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Cardillo v. Bolger

A-1117-07T2 (N.J. Super. App. Div. 2009) (Unpublished)

CONSUMER FRAUD ACT; CORPORATIONS; SHAREHOLDERS; OFFICERS — Under the participation theory of personal liability assumed within New Jersey’s Consumer Fraud Act, if a corporate officer is sufficiently involved in a commission of a tort in circumstances where the corporation owes a duty of care to the victim, and the duty had been delegated to the officer, and the officer breached the duty of care by his or her own conduct, the officer can be found personally liable under the Act.

A home improvement company renovated a home but was not a registered licensee with the municipality as required by municipal ordinance. It also failed to post the performance bond required by municipal ordinance. Further, it commenced the work without obtaining the necessary permits. The homeowner claimed that the contractor failed to install an adequate cooling and heating system and failed to complete the work, and then sued the home improvement company.

The lower court found that the company had violated the Consumer Fraud Act (CFA). The homeowner withdrew any request under the CFA for treble damages or attorney’s fees and sought and received only the statutory remedy of a refund for a portion of the money the homeowner had paid. The homeowner then sought a judgment against the company’s owner (a shareholder) under a tort-participation theory. The lower court held that a tort-participation theory required more than was required to impose strict-liability for CFA regulatory violations, which violations were alleged at trial. It did not believe the contractor acted in an intentionally fraudulent manner and refused to find the company’s owner liable under the tort-participation theory. The homeowner appealed, asserting that the lower court erred in concluding that the sole shareholder of the home improvement company was not liable for his or her corporation’s violations governing home-improvement practices.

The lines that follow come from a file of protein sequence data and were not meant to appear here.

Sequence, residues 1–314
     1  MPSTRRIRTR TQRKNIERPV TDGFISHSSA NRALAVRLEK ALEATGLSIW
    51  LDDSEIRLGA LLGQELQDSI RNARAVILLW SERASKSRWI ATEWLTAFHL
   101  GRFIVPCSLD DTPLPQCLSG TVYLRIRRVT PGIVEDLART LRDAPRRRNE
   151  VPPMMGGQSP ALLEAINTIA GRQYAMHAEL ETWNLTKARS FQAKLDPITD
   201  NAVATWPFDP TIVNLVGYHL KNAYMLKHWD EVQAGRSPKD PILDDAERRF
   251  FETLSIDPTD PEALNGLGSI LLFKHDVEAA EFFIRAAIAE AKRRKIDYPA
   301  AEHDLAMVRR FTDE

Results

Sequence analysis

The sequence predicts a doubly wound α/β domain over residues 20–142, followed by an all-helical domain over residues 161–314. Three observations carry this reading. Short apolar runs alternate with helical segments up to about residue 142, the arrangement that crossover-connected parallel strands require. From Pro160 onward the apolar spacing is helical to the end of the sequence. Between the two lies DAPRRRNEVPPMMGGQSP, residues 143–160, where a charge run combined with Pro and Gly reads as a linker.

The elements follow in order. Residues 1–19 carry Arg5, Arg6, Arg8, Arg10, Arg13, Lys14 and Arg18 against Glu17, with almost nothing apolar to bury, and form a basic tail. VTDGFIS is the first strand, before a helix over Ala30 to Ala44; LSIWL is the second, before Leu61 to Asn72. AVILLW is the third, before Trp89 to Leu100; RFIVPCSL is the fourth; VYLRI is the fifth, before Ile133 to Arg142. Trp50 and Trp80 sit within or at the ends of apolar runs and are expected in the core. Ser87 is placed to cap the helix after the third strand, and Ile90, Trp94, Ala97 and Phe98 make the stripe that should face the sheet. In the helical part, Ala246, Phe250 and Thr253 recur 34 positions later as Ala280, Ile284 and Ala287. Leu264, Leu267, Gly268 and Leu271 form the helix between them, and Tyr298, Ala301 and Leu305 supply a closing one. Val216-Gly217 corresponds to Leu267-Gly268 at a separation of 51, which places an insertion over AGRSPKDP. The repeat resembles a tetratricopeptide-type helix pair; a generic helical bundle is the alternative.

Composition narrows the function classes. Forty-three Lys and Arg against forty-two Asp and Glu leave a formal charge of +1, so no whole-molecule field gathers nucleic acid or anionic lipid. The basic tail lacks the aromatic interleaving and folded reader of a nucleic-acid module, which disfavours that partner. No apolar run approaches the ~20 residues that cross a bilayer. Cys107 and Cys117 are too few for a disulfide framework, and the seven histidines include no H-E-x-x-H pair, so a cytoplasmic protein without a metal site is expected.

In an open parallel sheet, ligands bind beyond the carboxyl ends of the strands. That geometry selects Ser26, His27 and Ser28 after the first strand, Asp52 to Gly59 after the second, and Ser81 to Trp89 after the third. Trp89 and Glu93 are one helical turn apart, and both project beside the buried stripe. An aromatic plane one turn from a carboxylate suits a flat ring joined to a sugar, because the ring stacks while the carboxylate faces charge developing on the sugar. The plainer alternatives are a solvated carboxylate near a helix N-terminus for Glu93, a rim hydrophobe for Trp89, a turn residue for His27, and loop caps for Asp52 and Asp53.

The Appellate Division reversed the lower court’s ruling with respect to the sole shareholder’s liability and remanded for entry of judgment in favor of the homeowner. It noted that the homeowner wasn’t trying to pierce the corporate veil. Instead, she was relying exclusively upon the active participation of the shareholder in the CFA violations committed by his company, relying on the tort-participation theory of liability which the lower court found inapplicable. The Court broadly applied the CFA because of its remedial purpose and liberally construed it in favor of the victimized consumer. It ruled that the lower court erred in applying the tort-participation theory to this CFA claim to exonerate the shareholder because he was directly liable to the homeowner under the definitions of “person” in the CFA and “seller” in the applicable regulations. “Persons” and “sellers” held accountable under the CFA include officers and employees if they, in fact, violate the CFA. It found that the acts do not need to be intentionally fraudulent to be violations of the CFA. The Court concluded that such individuals could be personally liable for negligence under the so-called “participation theory of personal liability.” The test is whether the corporate officer is sufficiently involved in the commission of the tort in circumstances where the corporation owes a duty of care to the victim, the duty was delegated to the officer, and the officer breached the duty of care by his or her own conduct. Here, the Court found that the shareholder was sufficiently involved in the commission of the tort to warrant a finding that he was personally liable under the statute.


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